As we enter the business end of the MLS season for the Montreal Impact, things are mighty more upbeat than on that drab afternoon in early February when Joey Saputo gathered the media and laid out a rather grim assessment of how things were off the pitch for his club.
With the Impact president laying it all out bare to those in attendance, Saputo spoke of a dramatic decline in season tickets for the upcoming season, with less than 60 per cent of 2014 season ticket holders re-upping. This was put into a clearer context when Saputo disclosed that in the 2014 season the Impact had fallen into 14th position across the 19-team league in the standings marked, ‘Season Ticket’ sales.
This extremely poor performance at the box office was mirrored by tanking merchandise sales. Impact supporters decked out in club shirts had become an endangered species. As alarming, ticket sales for the upcoming Champions quarterfinal had stagnated at astonishingly poor 15,000. This, after all was the same club who only six seasons earlier had packed in well over 55,000 for that historic 2009 quarterfinal.
‘The buzz had gone,’ Saputo proclaimed. With one of Italian football’s most successful natural goal scorers in recent times Alberto Gilardino having recently rejected the Impact’s overtures, you wondered whether Mrs. Gilardino who was widely reported to have convinced her husband to not make the move had, as part of their due diligence, got her hands on a copy of the Impact’s business of football blueprint.
Now, with Didier Drogba in Impact blue and signed through the 2016 season, Impact supporters should set up a crowdfunding page to raise the money to buy Mrs. Gilardino an expensive bouquet of flowers. Just as Sunderland supporters did for Mrs. Advocaat in the spring when her husband signed a contract extension at the BPL club.
Even though as attendances at Saputo Stadium have slowly but assuredly risen as the season has progressed, Montreal is most certainly one market in the league which has been in need of the type of off the pitch boost and spike the likes of only a Drogba provide.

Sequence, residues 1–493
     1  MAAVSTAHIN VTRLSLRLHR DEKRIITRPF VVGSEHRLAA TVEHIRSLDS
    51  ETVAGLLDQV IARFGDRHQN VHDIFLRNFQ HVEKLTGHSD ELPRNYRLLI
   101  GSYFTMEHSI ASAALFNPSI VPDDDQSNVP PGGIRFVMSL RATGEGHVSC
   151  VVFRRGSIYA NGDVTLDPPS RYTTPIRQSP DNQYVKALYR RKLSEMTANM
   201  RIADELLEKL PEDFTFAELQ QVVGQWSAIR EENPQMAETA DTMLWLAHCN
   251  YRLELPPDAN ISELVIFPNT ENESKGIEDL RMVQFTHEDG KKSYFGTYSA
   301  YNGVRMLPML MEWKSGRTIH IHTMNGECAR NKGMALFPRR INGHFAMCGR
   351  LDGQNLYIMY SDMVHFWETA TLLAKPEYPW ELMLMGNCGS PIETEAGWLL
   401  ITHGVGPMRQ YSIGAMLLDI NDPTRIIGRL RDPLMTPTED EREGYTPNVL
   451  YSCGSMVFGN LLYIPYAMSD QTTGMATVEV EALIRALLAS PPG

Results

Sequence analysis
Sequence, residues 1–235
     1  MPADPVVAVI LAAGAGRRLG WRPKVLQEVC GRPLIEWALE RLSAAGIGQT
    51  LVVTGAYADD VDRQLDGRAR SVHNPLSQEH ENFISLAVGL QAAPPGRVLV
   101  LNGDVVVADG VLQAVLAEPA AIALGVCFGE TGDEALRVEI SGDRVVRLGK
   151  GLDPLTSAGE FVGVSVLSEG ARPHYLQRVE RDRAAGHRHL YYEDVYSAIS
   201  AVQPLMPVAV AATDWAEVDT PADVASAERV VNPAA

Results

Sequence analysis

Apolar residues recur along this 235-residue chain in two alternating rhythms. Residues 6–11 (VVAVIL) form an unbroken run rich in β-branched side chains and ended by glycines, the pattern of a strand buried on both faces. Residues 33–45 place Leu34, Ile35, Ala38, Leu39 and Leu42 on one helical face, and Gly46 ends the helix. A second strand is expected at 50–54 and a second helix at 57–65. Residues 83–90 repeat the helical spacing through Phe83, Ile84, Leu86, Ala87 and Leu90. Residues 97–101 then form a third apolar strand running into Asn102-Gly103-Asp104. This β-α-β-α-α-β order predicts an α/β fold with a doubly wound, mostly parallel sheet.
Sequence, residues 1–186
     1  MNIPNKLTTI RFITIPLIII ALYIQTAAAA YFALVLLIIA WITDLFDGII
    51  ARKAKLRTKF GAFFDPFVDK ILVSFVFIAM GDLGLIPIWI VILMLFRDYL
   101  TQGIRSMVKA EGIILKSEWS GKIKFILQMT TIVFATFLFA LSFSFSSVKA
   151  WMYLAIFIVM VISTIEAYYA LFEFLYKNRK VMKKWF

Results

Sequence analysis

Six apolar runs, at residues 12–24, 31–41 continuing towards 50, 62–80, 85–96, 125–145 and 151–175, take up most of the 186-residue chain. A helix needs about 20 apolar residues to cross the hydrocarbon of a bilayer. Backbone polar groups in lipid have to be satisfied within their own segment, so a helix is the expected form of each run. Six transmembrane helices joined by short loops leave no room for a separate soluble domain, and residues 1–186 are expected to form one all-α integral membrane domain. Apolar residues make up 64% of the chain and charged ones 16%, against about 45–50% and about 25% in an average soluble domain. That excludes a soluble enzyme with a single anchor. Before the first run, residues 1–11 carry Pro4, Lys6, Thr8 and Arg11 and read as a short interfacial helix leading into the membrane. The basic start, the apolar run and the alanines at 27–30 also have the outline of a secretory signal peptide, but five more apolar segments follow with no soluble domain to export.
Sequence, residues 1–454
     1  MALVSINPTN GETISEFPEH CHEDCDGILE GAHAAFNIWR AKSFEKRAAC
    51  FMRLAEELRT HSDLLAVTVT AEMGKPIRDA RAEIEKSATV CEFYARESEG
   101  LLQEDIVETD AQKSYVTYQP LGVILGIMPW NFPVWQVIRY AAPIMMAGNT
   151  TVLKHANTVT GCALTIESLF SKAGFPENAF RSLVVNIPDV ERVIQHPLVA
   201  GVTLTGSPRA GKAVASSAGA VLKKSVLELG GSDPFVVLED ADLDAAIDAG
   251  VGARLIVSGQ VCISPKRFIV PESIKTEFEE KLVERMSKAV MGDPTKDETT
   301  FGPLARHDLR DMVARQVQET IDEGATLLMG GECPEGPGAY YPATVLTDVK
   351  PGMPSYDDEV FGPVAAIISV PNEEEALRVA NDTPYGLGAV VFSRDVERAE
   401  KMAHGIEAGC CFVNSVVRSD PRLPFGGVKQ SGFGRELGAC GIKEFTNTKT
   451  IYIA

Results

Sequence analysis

In fact, even before the Chelsea legends signature was confirmed the excitement for the possibilities was quite palpable at Saputo Stadium some 48-hours before the Drogba announcement when the Impact played the Sounders back on July 25th. When the ref blew the full time whistle signalling the 1-0 win for the home side I would say at that exact moment ‘the buzz’ had finally made a most welcome return to Saputo Stadium. This, coming after an extended leave of absence which lasted through the entire 2014 season.
Heck, for all we know at that very moment Drogba himself could have been dancing and jumping around his London living room in celebration of Ciman’s splendidly well taken late winner as the three points pushed the Ivorian icon’s new club into 6th place in the Eastern Conference, and with it the final playoff position.
With the Impact very much in place for a position in the post-season the next time they take to the pitch on August 22nd, barring something rather unforeseen, Drogba will make his eagerly awaited debut when the struggling Philadelphia Union visit Saputo Stadium.